I wish I had a grand conclusion to make of these meandering thoughts, but all I have to offer is that normality, whether new or old, is a strange and illusory thing.

Musing on the Past Week

The week began smoky as storm systems and air flow carried smoke from fires in California and Oregon into my valley to sit. Some days it was inadvisable to spend much time outside and the asthma sufferers in my house had to use their inhalers more often. I tried to capture a photo of the way the smoke turned the moon red. I only sort-of succeeded.

Grainy photo of red half moon in a dark sky with some trees silhouetted below it.

When the rains blew in, we were so glad to have relief from the smoke, and we were happy to have brief monsoon bursts where water poured down in sheets. Not typical desert weather. My pandemic patio turned into a wading pool for a couple of hours.

Three red plastic chairs standing in an inch of water on a paver-stone patio. Raindrops are making rings in the water.

The rain also showed me that I need to get up on a ladder and unclog my rain gutters since they still seem to be full of water days later (and reflecting sunlight onto the side of my house) instead of funneling that water to the down spouts.

The week also included a trip to the vet for my old lady kitty to talk about what to feed her to keep her kidneys in good working order, followed by changing the feeding patterns for all three cats to accommodate old lady kitty’s needs. I softened the stress of feeding changes by also acquiring some interesting new toys which the younger cats both love.

My Saturday was consumed by the acquisition of a large china cabinet that is eventually destined for my front room.

Large dark wood china cabinet with two glass doors, two glass sides, a mirrored back, and glass shelves. Five foot wide, six foot tall, 2 foot deep.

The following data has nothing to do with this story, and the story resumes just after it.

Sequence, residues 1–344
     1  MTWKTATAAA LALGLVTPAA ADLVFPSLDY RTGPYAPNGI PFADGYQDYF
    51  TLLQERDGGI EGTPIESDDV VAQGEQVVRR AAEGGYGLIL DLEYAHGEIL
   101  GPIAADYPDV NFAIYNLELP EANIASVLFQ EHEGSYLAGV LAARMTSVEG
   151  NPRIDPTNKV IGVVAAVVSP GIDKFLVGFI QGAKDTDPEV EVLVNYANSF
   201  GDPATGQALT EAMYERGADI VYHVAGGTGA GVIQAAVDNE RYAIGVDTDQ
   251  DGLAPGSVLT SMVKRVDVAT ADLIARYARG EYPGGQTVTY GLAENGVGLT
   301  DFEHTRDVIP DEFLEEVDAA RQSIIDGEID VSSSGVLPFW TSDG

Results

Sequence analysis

It is big. Several times during the process of extricating it from my neighbor’s downstairs and trundling it down the street to my house I pondered the wisdom of my impulse acquisition. But I’ve wanted a way to display some of my grandmother’s antique glass while still protecting it from the cats and my neighbor was only asking $100, so I grabbed the opportunity. It will have to sit in the garage until after some of the work that needs to be done on the kitchen is complete. And possibly I’ll discover that this is not the right furniture for the space, in which case I’ll have acquired a task instead of a solution, but wise or not, that’s how I spent my Saturday.

It is now Sunday afternoon, which means I’m in the middle of twenty four hours when I try to step away from work to rest from my labors. I’m better at this than I used to be when so much of my work behavior was anxiety driven. My weekends are still frequently busy, but they tend to be differently busy. I switch gears into house or family instead of business and internet. Thus I am writing a post about my week instead of clicking over to XDM2e files. The files can wait until tomorrow.

The Shores of Saturday

I have landed on the shores of Saturday like a beached jellyfish. At least I think it is Saturday. Time has gone wobbly and slippery for me. Perhaps in a while the tide will return and I’ll be able to move again, but for this morning I’ve had little energy for anything except laying in a limp puddle.